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    Bali Sexual Assault Raises Liability Question for Travel Agents

    A 29-year-old Indonesian man has reportedly confessed to sexually assaulting a Chinese woman whose tour guide had recommended the man’s employer to take her on a water scooter.

    The alleged sexual assault of a Chinese tourist during an organized trip to the Indonesian island of Bali has raised a big question back home: Should the travel agency she used assume any liability for the incident?

    The unidentified woman was traveling with her family last month on a five-day trip organized by Nanhu Travel, a tour operator based in the southern Chinese city of Guangzhou, when the alleged incident occurred, according to Shenzhen News Network. The 20-year-old had signed up for a water scootering lesson with her mother, during which her instructor allegedly took her to a remote island and “forced her to touch him,” the young woman’s father told the media outlet.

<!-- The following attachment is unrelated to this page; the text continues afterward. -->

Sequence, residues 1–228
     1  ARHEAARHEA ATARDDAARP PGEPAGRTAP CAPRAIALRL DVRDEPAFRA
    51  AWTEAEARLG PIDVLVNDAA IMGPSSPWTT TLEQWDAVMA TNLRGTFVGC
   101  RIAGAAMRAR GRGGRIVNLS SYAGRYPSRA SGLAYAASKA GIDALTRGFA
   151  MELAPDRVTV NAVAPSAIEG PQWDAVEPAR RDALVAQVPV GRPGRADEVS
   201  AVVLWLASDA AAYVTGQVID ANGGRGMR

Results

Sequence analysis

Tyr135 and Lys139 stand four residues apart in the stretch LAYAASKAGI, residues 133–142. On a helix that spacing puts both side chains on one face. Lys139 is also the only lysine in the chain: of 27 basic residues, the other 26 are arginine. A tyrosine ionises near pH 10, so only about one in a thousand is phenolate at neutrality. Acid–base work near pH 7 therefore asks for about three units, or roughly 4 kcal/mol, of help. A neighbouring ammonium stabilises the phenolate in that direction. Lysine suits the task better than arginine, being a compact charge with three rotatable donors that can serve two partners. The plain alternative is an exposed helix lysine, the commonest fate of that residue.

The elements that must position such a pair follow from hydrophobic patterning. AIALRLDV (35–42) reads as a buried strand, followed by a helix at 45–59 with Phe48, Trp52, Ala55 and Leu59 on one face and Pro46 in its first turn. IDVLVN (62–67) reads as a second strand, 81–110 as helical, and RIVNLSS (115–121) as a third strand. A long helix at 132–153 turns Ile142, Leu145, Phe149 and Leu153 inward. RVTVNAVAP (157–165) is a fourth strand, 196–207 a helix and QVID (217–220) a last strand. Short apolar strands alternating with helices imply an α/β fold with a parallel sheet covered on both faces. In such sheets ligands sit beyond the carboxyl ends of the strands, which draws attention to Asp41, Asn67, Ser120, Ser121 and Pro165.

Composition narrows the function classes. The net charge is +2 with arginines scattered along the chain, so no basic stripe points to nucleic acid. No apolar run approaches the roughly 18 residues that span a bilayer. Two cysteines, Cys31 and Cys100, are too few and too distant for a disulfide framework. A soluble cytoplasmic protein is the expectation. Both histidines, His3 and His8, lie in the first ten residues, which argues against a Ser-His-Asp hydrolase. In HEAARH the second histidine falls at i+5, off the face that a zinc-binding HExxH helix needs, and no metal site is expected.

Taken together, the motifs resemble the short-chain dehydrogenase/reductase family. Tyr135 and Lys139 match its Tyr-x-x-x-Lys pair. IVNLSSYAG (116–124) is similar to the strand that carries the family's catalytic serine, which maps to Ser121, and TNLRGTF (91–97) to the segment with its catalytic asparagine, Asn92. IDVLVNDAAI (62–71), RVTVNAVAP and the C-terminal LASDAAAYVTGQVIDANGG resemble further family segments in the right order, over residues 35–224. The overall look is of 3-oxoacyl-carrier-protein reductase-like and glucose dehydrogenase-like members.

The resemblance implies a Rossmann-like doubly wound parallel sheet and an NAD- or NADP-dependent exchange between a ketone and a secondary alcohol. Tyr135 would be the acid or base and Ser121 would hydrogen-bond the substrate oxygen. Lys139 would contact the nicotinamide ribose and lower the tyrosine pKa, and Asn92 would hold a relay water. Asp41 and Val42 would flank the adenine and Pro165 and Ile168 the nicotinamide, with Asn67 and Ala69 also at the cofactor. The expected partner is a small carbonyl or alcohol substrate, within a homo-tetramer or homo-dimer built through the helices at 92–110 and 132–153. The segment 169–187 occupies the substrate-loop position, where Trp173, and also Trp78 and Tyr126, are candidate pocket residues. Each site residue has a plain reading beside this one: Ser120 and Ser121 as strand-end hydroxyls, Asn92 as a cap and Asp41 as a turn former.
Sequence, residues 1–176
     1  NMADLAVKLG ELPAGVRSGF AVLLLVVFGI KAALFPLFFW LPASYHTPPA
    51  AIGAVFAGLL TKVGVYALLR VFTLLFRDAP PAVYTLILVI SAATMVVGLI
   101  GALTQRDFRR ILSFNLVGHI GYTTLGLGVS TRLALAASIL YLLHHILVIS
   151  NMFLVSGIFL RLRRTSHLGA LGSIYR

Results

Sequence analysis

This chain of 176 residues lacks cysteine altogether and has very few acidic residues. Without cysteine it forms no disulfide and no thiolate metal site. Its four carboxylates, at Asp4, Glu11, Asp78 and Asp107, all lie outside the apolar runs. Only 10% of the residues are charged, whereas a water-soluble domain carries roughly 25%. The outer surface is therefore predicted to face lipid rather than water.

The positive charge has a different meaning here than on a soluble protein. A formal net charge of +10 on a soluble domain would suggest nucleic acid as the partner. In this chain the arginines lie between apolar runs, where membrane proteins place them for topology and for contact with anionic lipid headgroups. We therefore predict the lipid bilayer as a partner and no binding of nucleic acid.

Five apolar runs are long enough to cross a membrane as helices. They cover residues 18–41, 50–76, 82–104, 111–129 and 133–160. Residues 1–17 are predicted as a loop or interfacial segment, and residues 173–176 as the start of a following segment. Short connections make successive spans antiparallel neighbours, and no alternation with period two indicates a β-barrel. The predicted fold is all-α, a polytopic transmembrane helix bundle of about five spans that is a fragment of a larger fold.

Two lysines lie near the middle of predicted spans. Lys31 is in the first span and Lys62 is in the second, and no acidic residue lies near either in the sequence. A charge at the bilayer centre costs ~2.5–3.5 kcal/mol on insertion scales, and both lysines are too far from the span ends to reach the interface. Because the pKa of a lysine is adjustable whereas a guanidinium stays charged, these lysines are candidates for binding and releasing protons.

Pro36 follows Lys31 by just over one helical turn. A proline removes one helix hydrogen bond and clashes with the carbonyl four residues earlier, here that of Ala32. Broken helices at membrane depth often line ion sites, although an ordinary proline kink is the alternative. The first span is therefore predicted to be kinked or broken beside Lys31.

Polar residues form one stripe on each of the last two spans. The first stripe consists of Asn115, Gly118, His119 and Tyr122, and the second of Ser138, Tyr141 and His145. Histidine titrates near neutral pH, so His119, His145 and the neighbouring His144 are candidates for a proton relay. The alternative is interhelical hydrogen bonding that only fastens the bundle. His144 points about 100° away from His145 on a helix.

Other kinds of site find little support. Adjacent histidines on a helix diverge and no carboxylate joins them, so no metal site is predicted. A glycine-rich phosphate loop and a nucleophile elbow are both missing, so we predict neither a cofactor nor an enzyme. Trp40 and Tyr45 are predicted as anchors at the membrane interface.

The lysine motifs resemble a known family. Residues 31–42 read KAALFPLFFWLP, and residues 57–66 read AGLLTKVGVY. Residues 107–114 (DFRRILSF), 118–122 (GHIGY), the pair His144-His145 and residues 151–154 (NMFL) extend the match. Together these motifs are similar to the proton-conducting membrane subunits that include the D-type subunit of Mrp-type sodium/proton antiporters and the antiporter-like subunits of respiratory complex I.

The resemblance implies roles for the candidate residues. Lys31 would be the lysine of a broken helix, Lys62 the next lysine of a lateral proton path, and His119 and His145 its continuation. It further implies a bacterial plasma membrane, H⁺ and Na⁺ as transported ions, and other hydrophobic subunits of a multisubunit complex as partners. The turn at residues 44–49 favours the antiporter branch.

In a statement Friday, the Chinese Consulate in the Balinese city of Denpasar said that local police had arrested the 29-year-old suspect and that he had confessed to the crime. The consulate also said that the man will stand trial and be prosecuted according to local laws.

    As more Chinese travel abroad, tour operators and insurance companies are introducing schemes that cover everything from hospital visits to reimbursements for flight delays and accidents. The alleged incident in Bali, though, has prompted netizens to debate whether tour operators should bear any liability for offenses such as sexual assault. Under a hashtag about the topic on microblogging platform Weibo — which had received over 95 million views by Sunday evening — opinions remain divided.

    “If you can’t even guarantee the safety of your tour members, how can you operate a travel agency?” one Weibo user commented below a media post about the story. “No one can guarantee what happens when you’re out traveling,” another user commented under a separate post. “Moreover, this is an unexpected incident.”

    In a report published Saturday by The Beijing News, a spokesperson for Nanhu Travel said that, although water scootering wasn’t included in the Bali tour itinerary, the company had recommended the instructor’s employer to the woman upon request.

    A customer service representative for the travel agency told Sixth Tone on Sunday that the company is “assisting the family” and working with local police to ensure that the instructor is prosecuted.

    Editor: Bibek Bhandari.

    (Header image: Chinese tourists wait at a dock in Bali, Indonesia, Sept. 30. 2017. Mei Guojian/IC)